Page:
Well pasteurization doesn't completely eliminate mold.  It depends on how much is there to start.  Regardless, most molds do not produce mycotoxin.  Mold is inherently a factor in the packaging environment so yes "ZERO" would be ideal, but it is not practical given the type of processing.



#10 Ryan M.

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Posted 01 November 2016 - 12:23 AM

You need to push back on the supplier to give you a lower specification.  If they can't you have to use someone else.  That potential yeast count in your finished, post-pasteurized product can end up blowing up your packaging.  It isn't really a safety issue, but going to be a quality problem for sure.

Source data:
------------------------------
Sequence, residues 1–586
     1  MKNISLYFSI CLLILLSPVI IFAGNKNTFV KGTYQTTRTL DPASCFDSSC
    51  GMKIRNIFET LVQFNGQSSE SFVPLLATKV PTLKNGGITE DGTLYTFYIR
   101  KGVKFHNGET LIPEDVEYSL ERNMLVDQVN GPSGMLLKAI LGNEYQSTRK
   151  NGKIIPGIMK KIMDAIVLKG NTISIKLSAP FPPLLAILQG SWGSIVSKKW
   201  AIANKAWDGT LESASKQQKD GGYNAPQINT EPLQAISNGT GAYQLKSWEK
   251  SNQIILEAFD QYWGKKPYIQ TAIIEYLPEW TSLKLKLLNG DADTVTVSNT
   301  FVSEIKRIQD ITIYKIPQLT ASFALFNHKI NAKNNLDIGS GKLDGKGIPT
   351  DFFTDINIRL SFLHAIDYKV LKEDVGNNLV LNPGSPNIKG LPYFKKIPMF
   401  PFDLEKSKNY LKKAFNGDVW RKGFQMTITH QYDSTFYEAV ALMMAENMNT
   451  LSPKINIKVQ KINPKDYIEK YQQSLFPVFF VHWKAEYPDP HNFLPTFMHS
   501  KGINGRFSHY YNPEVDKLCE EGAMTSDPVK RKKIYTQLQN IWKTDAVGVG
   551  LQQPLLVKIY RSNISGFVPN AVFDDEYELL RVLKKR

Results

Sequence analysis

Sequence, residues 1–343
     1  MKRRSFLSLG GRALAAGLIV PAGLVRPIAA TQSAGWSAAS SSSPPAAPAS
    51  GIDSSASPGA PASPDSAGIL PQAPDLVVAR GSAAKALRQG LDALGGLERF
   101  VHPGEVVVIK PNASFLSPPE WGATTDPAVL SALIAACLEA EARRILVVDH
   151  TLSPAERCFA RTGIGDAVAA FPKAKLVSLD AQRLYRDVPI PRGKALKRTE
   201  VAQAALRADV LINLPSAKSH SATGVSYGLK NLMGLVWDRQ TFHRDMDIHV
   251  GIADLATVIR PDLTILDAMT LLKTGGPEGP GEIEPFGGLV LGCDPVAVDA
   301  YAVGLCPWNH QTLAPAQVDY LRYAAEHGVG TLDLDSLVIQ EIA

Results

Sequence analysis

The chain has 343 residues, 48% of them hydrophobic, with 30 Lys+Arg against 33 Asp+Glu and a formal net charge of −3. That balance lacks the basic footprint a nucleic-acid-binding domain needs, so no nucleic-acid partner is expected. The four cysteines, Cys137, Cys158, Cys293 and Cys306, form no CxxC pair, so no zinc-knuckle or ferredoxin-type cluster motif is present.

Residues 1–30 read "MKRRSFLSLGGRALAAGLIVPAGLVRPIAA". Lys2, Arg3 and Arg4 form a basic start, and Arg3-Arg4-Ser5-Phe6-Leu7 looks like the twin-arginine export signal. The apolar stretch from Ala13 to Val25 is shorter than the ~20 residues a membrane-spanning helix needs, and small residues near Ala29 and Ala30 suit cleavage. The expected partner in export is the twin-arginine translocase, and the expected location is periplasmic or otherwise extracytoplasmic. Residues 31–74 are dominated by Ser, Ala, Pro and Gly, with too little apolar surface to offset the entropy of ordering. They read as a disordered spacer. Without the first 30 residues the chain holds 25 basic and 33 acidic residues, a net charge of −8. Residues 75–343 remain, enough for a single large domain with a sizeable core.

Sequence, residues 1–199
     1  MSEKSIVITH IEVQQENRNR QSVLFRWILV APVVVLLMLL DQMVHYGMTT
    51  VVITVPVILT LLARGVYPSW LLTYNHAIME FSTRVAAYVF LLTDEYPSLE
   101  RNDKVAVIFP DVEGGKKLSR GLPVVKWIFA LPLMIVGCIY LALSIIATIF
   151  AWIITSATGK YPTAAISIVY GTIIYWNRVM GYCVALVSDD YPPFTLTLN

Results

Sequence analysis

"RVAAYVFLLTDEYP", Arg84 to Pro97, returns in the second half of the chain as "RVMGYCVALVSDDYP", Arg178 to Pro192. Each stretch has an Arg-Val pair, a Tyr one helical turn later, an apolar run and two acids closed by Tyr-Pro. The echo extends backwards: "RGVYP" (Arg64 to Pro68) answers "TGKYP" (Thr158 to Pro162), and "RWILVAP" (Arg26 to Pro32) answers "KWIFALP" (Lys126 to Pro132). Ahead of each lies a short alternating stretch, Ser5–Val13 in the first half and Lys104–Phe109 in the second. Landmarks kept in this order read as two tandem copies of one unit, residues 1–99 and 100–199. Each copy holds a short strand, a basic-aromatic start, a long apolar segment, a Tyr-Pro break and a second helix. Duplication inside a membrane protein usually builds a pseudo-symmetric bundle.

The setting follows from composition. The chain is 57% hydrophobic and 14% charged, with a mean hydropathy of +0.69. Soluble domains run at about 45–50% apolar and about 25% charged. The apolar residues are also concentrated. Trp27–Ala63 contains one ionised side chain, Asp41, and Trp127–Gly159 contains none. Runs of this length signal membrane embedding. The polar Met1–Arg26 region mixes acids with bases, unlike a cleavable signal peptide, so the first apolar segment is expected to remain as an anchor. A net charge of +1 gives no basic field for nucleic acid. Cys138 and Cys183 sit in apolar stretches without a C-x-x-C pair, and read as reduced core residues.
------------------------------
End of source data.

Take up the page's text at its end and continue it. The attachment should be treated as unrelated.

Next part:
Thanks all.  To clarify, stress test is typically a 2-3 day incubation at 30-32°C followed by a visual check for growth (typically mold).

 

I agree rmills06 that the molds can be reduced; The USDA Specifications for Yogurt, Nonfat Yogurt and Lowfat Yogurt had limits for y/m at <50.

 

What I am struggling with our probiotic supplier is a spec that has yeast <500 on their material. This is added after the pasteurization step...



#11 Maillard

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Posted 01 November 2016 - 12:28 AM

Will continue discussions with supplier.  From a quality perspective, I am wondering if 10^7-10^10 viable, active probiotics in the finished product would out-compete and create conditions for low, slow growth of yeast?